Chicago United Report Reveals Minorities’ Career Earnings Trail Those of Caucasian Males By 30-45 Percent

Updated: September 19, 2016

By BASN Wire Services


CHICAGO — Chicago United unveiled the findings of its biennial report, Inside Inclusion Featuring the Corporate Diversity Profile, which examines trends in the racial composition of a board of directors and senior leadership positions in the top 50 Chicago-headquartered companies. The report revealed minimal gains in minority representation throughout executive ranks and examined its significant impact of earning power over minority groups’ lifetimes.

In addition to leadership diversity trends, this year Chicago United partnered with the Federal Reserve Bank of Chicago to calculate earnings trajectories over a 40-year career of different races/ethnicities, genders and education levels using data from the U.S. Census Bureau. The results found that, compared to white males, most minorities experience significantly reduced lifetime earnings regardless of their level of educational achievement.

For example, minorities with professional degrees earn less than white males with similar levels of education:

  • Over a lifetime, African American men will earn 74 percent of their white male counterparts’ earnings.
  • Caucasian females will earn 68 percent and African American females will earn 67 percent of what white males earn.
  • Latino males will earn 71 percent and Latinas will earn only 55 percent of their white male counterparts’ lifetime earnings.
  • Asian females fare slightly better, earning 80 percent of white males’ lifetime earnings.
  • Asian males were the one exception to the trend, earning 6 percent more than white males over a lifetime.

“The fact that the majority of diverse professionals are subject to lesser lifetime earnings than their Caucasian counterparts, regardless of an equivalent education level, has a corresponding negative impact on the ability to purchase homes, accumulate savings, pay for their children’s education and build generational wealth. These findings reveal that inclusion is a necessary strategy in addressing disparities which are obviously not linked to educational differences,” said Gloria Castillo, president and CEO of Chicago United. “It is clear that intentional action is needed now, more than ever, to implement leading inclusive business practices.”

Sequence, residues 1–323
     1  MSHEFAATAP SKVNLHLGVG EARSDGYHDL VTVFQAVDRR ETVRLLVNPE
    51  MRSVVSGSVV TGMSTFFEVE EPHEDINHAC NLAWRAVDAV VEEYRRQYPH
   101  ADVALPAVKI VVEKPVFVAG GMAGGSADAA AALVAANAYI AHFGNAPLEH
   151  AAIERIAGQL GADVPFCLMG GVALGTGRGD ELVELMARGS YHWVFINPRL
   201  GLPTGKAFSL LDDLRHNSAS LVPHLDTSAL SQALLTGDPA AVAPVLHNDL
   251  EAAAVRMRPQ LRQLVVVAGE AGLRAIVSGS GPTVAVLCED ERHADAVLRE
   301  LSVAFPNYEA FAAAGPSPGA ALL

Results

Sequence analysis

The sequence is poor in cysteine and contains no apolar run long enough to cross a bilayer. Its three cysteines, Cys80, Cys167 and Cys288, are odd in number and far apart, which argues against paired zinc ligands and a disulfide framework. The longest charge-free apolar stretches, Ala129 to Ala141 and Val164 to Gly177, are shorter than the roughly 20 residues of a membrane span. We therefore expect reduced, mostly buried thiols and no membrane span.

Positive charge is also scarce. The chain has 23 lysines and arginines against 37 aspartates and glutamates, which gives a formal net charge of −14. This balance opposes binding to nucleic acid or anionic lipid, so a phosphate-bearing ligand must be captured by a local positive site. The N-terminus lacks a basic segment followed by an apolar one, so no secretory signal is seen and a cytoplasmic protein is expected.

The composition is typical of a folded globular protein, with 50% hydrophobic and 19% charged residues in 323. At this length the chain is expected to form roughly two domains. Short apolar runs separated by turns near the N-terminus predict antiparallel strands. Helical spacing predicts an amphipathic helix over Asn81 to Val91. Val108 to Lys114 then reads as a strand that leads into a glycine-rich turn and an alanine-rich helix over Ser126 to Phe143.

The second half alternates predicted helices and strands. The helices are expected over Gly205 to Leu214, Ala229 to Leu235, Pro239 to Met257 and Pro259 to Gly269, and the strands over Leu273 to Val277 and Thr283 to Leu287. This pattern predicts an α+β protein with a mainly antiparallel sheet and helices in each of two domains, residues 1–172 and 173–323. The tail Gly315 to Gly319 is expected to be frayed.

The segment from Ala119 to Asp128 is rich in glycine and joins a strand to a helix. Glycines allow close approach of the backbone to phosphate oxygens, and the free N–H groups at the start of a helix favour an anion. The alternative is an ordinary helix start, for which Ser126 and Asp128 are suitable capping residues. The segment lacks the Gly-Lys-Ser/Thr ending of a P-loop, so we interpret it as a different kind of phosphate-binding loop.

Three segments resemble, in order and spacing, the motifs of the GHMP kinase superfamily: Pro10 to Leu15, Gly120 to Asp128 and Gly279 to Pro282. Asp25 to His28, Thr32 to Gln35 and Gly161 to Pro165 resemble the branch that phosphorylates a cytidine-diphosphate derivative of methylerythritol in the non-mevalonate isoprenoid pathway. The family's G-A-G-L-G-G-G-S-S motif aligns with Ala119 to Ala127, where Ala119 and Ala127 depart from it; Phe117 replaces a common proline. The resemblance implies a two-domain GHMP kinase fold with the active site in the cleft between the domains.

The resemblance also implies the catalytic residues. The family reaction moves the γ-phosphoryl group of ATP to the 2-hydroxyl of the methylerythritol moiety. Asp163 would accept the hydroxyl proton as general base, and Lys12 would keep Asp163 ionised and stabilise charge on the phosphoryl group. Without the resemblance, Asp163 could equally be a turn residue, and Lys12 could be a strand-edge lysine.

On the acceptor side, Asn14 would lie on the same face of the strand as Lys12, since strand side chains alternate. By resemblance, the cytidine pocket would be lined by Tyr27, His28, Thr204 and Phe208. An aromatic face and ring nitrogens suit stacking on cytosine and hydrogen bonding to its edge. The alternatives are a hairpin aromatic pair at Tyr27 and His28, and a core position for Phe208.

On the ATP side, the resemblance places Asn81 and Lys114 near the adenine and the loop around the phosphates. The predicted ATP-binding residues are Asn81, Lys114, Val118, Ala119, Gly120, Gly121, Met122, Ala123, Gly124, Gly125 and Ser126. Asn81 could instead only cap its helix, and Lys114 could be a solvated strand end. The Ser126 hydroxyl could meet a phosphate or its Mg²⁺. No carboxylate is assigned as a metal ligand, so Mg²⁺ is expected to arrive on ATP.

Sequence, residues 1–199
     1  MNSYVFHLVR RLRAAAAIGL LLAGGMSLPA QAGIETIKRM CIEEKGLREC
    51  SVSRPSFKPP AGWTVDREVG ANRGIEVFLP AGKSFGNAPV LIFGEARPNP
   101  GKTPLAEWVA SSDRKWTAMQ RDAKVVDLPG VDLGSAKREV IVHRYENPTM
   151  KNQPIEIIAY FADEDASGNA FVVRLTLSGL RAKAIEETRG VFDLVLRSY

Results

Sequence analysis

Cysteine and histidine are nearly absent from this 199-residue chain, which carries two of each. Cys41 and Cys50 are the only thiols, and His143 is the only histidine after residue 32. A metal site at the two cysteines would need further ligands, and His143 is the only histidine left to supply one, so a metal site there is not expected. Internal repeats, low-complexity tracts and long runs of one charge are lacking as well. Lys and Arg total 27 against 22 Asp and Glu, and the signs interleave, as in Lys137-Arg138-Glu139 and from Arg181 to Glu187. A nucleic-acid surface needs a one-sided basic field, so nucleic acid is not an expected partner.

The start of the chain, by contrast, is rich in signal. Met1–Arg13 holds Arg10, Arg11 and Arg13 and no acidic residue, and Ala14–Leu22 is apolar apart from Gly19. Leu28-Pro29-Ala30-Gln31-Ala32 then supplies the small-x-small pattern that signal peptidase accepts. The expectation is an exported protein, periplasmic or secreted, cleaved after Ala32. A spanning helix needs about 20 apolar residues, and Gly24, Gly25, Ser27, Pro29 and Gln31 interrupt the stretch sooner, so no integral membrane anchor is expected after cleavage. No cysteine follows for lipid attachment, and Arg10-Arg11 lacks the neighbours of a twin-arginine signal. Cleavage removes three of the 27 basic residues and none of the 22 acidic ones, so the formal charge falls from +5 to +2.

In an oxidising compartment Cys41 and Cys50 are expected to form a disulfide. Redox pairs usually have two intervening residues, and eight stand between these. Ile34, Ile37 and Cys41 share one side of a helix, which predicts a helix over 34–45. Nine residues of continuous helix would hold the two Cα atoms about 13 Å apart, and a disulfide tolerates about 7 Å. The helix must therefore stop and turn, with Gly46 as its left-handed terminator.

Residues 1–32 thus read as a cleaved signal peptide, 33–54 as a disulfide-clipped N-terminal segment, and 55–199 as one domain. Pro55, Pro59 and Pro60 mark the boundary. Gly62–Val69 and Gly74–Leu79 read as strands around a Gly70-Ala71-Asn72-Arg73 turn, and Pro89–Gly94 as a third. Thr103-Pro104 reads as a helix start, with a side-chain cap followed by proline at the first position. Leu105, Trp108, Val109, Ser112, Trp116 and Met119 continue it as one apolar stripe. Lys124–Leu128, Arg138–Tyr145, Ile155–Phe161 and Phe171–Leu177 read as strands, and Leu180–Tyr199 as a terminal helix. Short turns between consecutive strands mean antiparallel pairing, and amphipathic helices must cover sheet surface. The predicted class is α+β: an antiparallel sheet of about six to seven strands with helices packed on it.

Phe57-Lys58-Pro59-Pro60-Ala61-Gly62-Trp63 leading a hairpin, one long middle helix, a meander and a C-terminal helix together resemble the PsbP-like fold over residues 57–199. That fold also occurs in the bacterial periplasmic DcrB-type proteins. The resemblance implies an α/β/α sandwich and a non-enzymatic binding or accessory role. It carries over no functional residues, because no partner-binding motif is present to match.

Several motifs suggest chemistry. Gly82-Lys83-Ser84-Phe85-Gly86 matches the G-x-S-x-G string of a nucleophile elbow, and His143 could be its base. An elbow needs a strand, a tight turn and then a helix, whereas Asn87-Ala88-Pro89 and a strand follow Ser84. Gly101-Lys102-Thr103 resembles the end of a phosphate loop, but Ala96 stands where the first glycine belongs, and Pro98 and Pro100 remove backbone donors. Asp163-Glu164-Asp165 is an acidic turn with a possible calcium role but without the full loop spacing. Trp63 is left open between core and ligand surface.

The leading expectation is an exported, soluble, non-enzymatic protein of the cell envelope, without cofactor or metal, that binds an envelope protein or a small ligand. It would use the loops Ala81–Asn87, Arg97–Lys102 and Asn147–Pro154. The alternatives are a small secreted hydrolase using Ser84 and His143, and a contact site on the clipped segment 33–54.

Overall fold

An analysis of the larger trends in racial diversity across Chicago’s top 50 companies (based on revenue) shows incremental movement across three core areas, including boards of directors, C-suites and executive ranks:

  • Minority representation on boards of directors increased from 12 percent to 14 percent between 2014 and 2016 with African Americans maintaining the largest percentage of representation at 8 percent.
  • Minority representation in the C-suite grew by 1 percent between 2012 and 2014 from 7 percent to 8 percent and remained stagnant (8 percent) in 2016. African Americans, Asians and Hispanics are separated by no more than a couple of percentage points, showing representation levels of 4 percent, 3 percent and 2 percent, respectively.
  • 19 out of 50 (38 percent) of Chicago companies have no ethnic diversity within their executive ranks and minority representation slipped between 2016 and 2014, decreasing from 10 percent to 9 percent.

“The people serving on a board of directors and in the C-suite make decisions about where corporate investments are made. These critical decisions have a very direct impact on economic opportunity and who benefits in wealth creation,” added Castillo. “In order to achieve equal representation in these leadership positions, I challenge our local leaders to consider what purposeful changes they can make to strengthen diversity within their organizations and positively impact the communities of Chicago.”

To provide organizations with a roadmap to improve in areas critical to diversity and inclusion (D&I) advancement, Chicago United convened a team of leading diversity and human resources professionals to identify the most relevant challenges and best practices of Chicago’s corporations. This taskforce, chaired by Warren M. Smith, America’s career management leader at Ernst & Young LLP, together discovered insights that informed a Toolkit included within Inside Inclusion that offers insights into leading D&I practices and provides questions to keep leaders and stakeholders engaged in an ongoing dialogue around diversity and inclusion.

“The Toolkit provides an introspective review of an organization’s talent agenda and how organizations can continue to advance their efforts,” said Smith. “It provides a scalable framework that can be applied at the corporate or business-unit level—and that’s what makes it so powerful.”

NOTE: To download a copy of 2016 Inside Inclusion Report, please visit

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